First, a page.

Lawsuit » Internet giant hits Pacific Webworks over deceptive practices.
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Google Inc. is suing a Utah company, alleging it is engaged in a widespread fraud involving thousands of people and millions of dollars by trading on the good name of the Internet-search giant.
Google filed suit in U.S. District Court for Utah late Monday against Pacific Webworks of Salt Lake City, seeking to shutdown dozens of Web sites under various names that are appropriating the Google's name and reputation to sell bogus products. The kits purport to allow people to make money from home with Google.
"The kit is advertised as free, except for a nominal shipping and handling charge or access fee," the lawsuit says. "However, people who sign up for these offers have their credit cards charged with substantial recurring monthly fees. They also receive little of value, or nothing at all, in return for their payments."
A tangle of companies and various Web sites linked to Pacific Webworks "perpetuate Internet scams on unsuspecting consumers" by appropriating Google's name and using its reputation, the Mountain View, Calif., company says.
The Utah-based companies "engage in the illegal and infringing acts alleged below through an interrelated network of entities that share common ownership, officers, managers, office locations, business and accounting functions. To avoid detection and identification of all those behind the scam, this network includes an ever-changing coterie of Web sites that utilize the same templates to generate the same fake news stories, fake testimonials, fake blogs and pressure tactics to drive unsuspecting consumers to credit-card processing sites like those run by PWW."
Google says the recurring charges on consumers' credit cards have generated millions of dollars in revenue.
Shares of Pacific Webworks, which is traded over-the-counter, plunged 53 percent in trading Tuesday, finishing at about 7 cents a share.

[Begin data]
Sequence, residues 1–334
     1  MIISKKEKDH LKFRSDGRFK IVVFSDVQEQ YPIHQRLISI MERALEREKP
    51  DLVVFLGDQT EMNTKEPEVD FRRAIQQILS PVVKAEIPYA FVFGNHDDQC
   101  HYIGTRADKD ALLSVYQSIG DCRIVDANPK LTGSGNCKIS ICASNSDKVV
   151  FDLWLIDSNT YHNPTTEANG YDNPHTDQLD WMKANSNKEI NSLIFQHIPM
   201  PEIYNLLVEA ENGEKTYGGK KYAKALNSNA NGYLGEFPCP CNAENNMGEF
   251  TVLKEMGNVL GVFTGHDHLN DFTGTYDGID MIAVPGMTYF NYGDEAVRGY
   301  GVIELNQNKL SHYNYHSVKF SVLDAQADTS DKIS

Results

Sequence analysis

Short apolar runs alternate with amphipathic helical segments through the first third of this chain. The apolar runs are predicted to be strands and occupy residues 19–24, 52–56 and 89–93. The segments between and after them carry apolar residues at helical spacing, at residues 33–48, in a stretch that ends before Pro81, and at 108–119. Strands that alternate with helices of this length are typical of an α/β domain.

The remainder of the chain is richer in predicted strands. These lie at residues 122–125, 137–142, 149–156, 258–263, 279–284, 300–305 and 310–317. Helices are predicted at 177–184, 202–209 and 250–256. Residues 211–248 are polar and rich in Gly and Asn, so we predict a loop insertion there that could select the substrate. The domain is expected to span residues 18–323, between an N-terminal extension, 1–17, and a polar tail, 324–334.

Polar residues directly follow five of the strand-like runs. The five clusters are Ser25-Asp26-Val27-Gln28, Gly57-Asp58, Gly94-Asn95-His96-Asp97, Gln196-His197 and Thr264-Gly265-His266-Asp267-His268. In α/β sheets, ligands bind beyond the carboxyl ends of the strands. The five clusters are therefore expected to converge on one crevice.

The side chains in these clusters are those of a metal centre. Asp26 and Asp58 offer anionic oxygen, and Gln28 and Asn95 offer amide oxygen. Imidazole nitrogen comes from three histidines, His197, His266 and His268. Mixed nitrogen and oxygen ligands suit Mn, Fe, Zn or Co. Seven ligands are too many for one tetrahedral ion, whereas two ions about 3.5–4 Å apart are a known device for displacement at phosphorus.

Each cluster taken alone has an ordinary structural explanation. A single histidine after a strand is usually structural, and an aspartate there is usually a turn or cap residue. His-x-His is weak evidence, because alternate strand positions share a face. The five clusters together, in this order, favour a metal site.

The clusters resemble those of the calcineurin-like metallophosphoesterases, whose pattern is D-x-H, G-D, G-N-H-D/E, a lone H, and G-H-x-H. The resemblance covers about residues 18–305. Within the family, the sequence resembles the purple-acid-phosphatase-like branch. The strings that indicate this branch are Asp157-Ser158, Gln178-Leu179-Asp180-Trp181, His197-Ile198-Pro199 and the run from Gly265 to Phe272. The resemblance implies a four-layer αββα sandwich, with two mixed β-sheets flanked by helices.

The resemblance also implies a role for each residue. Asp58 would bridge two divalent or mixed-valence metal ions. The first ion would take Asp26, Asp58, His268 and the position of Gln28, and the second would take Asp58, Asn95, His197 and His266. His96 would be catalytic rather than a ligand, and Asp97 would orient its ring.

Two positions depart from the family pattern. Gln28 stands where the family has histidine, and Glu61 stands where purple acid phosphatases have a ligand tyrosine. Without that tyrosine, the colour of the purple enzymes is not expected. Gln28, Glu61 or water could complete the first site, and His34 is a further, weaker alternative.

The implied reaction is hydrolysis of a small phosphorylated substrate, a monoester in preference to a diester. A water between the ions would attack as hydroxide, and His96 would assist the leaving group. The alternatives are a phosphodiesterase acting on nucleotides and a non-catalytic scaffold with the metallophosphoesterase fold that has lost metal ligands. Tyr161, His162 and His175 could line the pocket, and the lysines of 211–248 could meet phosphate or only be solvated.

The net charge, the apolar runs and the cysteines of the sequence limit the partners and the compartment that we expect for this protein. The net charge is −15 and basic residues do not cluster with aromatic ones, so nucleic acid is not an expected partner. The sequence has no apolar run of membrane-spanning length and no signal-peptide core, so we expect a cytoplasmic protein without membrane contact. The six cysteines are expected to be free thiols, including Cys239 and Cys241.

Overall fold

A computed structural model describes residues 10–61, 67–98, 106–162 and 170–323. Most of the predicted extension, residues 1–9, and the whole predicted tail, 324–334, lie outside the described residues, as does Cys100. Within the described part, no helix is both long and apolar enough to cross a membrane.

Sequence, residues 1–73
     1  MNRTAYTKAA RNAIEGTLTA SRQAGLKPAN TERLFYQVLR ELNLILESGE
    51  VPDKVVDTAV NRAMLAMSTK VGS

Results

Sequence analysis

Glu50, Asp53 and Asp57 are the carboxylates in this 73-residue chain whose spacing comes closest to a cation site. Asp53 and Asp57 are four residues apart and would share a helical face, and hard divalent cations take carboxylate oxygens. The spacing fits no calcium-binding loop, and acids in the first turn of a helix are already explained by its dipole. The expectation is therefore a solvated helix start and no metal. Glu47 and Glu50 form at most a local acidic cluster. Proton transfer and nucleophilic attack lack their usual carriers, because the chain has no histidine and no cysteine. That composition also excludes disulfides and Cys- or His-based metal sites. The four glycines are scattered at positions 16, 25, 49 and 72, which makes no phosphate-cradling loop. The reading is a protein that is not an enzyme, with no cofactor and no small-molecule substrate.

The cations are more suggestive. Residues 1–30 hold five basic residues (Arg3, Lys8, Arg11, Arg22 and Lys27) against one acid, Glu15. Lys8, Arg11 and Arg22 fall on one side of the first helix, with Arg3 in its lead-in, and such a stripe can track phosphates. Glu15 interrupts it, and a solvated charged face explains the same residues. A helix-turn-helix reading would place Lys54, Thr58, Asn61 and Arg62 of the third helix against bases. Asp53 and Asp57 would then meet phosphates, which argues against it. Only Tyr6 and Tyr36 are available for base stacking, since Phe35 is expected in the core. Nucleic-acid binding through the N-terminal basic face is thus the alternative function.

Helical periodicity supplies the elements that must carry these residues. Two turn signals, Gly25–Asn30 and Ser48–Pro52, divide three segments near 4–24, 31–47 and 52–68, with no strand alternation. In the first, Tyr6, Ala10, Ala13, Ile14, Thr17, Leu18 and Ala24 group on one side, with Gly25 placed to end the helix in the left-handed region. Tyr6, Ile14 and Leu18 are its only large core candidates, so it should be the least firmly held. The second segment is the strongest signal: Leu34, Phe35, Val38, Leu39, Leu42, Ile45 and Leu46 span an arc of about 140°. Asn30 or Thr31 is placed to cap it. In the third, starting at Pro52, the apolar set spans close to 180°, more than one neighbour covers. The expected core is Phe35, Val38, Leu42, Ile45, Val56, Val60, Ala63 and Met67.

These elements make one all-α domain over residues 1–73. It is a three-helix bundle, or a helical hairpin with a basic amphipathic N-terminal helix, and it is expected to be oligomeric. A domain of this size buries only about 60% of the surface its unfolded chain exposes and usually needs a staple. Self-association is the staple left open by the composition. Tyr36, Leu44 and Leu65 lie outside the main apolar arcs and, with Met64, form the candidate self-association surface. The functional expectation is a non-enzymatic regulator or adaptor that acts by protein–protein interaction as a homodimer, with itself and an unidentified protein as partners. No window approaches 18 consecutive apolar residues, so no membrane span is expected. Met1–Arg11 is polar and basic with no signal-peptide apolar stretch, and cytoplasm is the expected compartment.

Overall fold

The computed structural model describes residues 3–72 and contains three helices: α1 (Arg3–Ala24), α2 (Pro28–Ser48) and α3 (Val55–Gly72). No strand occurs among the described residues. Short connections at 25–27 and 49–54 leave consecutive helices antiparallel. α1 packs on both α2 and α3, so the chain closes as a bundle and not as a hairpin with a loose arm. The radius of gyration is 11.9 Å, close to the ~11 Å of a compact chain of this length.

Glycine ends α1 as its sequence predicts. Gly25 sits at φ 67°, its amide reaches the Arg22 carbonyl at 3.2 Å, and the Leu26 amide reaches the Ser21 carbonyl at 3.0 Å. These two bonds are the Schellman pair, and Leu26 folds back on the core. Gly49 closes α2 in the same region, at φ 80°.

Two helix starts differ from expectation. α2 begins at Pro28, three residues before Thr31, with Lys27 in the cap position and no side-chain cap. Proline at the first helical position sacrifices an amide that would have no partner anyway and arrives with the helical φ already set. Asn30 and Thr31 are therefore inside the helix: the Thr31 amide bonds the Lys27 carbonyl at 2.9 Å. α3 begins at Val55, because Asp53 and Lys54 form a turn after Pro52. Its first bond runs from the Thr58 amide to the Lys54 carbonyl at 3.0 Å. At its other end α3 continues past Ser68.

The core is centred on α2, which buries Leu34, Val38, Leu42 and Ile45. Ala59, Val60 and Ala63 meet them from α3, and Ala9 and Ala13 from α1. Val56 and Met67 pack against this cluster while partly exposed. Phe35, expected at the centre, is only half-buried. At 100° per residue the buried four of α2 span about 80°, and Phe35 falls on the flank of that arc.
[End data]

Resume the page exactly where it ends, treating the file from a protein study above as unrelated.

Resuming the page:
On July 29, the company was trading at 34 cents a share. In an amended annual report filed July 6 with the Securities and Exchange Commission, the company touted a 250 percent increase in revenues for 2007 above the previous year.
Financial figures for 2008 apparently aren't available. But in its latest quarterly report filed in November, Pacific Webworks reported third quarter revenues were up 11.45 percent and second quarter revenues by 168 percent over the same periods last year.
A phone call and e-mails to Pacific Webworks' headquarters seeking a response to the lawsuit were not returned.
Hundreds of complaints are posted on Internet boards against Pacific Webworks and related companies. The local Better Business Bureau has given the company an "F" grade after receiving 732 complaints.
The majority of the BBB complaints are about Google-related promotions in which a trial is offered at little or no cost. But an obscure part of the purchase agreement states that customers must indicate they do not want further services or products or they will be charged even more, said Jane Driggs, president of the Utah BBB.
"If you weren't paying attention you'll find out when your bank account drops that they're charging a monthly fee," said Driggs.
Pacific Webworks also is facing a proposed class action lawsuit in Illinois where a lawsuit states many of the same allegations as the Google action. One ad touts "Earn up to $978 or more a day using GOOGLE," the suit says.
The small initial fee is used as "bait for a credit card number that can then be used to impose addition charges on the consumer," the lawsuit says.
In addition, the Federal Trade Commission in June lodged a lawsuit in federal court in Nevada against entities that appear to be connected to Pacific Webworks.
The Utah Division of Consumer Protection also has filed suit against three companies that appear to be related to Pacific Webworks for failing to pay a fine for deceptive practices. Texas also has filed an action against some of the same companies. In 2007, Pacific Webworks and division reached an agreement over deceptive practices related to "free" promotions in which the company agreed to refrain from violating Utah consumer laws.
Google is asking for unspecified economic damages, that Pacific Webworks be restrained from using its name and trademarks. It wants a judge to order the Utah company to transfer to it all Internet domain names that contain Google's names or trademarks.